Referring heroin users from compulsory detoxification centers to community methadone maintenance treatment: a comparison of three models
1 National Center for AIDS/STD Control and Prevention, Chinese Center for Disease Control and Prevention, Beijing, China
2 Beijing Haidian District Health School, Beijing, China
3 Dehong Prefecture Center for Disease Control and Prevention, Yunnan Province, China
4 Department of Psychiatry and Behavioral Science, Duke University Medical Center, Durham, NC 27710, USA
5 UCLA Center for Community Health, Los Angeles, CA 90024, USA
BMC Public Health 2013, 13:747 doi:10.1186/1471-2458-13-747Published: 13 August 2013
Both compulsory detoxification treatment and community-based methadone maintenance treatment (MMT) exist for heroin addicts in China. We aim to examine the effectiveness of three intervention models for referring heroin addicts released from compulsory detoxification centers to community methadone maintenance treatment (MMT) clinics in Dehong prefecture, Yunnan province, China.
Using a quasi-experimental study design, three different referral models were assigned to four detoxification centers. Heroin addicts were enrolled based on their fulfillment to eligibility criteria and provision of informed consent. Two months prior to their release, information on demographic characteristics, history of heroin use, and prior participation in intervention programs was collected via a survey, and blood samples were obtained for HIV testing. All subjects were followed for six months after release from detoxification centers. Multi-level logistic regression analysis was used to examine factors predicting successful referrals to MMT clinics.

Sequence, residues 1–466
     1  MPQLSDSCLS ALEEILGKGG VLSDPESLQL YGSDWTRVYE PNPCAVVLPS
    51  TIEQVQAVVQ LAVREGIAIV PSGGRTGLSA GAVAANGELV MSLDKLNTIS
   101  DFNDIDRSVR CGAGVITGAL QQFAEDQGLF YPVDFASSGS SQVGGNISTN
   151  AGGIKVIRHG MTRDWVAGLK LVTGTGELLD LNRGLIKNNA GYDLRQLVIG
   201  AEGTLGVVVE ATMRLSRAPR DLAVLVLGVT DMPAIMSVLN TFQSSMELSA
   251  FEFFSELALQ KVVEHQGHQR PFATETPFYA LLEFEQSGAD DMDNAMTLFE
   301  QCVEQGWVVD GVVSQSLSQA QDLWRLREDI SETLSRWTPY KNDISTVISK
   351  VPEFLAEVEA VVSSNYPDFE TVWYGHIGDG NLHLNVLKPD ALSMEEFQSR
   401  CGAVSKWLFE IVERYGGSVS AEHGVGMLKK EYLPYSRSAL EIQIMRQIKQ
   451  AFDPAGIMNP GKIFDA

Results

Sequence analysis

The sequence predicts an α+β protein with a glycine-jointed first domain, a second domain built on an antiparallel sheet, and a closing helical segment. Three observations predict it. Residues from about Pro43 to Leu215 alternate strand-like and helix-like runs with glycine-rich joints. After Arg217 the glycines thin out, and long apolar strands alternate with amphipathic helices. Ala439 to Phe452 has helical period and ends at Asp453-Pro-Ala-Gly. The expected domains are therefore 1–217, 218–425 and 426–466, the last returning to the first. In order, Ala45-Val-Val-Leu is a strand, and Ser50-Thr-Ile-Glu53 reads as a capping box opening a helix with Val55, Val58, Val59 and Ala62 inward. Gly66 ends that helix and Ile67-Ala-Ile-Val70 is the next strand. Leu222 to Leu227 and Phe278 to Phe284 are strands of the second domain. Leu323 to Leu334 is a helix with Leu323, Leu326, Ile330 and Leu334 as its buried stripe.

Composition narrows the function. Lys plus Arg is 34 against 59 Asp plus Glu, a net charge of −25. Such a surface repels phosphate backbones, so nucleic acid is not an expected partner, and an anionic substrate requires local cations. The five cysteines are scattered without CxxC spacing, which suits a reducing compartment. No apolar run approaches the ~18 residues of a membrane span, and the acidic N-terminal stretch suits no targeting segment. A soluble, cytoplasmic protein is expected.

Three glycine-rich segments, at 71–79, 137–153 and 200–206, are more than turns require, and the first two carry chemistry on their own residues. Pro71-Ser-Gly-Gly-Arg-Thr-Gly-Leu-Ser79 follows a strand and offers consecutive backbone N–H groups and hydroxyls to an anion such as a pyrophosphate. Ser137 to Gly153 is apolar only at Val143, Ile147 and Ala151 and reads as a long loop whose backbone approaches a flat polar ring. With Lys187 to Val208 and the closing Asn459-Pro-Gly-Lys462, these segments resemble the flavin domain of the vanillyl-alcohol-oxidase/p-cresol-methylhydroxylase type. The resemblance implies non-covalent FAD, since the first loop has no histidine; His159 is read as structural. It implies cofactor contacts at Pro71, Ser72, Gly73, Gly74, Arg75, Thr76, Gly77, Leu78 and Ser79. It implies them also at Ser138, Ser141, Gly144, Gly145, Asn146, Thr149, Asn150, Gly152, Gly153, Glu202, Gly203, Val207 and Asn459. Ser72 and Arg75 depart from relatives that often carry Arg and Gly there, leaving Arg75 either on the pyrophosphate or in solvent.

Of the 226 participants who were released and followed, 9.7% were successfully referred to MMT(16.2% of HIV-positive participants and 7.0% of HIV-negative participants). A higher proportion of successful referrals was observed among participants who received both referral cards and MMT treatment while still in detoxification centers (25.8%) as compared to those who received both referral cards and police-assisted MMT enrollment (5.4%) and those who received referral cards only (0%). Furthermore, those who received referral cards and MMT treatment while still in detoxification had increased odds of successful referral to an MMT clinic (adjusted OR = 1.2, CI = 1.1-1.3). Having participated in an MMT program prior to detention (OR = 1.5, CI = 1.3-1.6) was the only baseline covariate associated with increased odds of successful referral.
Findings suggest that providing MMT within detoxification centers promotes successful referral of heroin addicts to community-based MMT upon their release.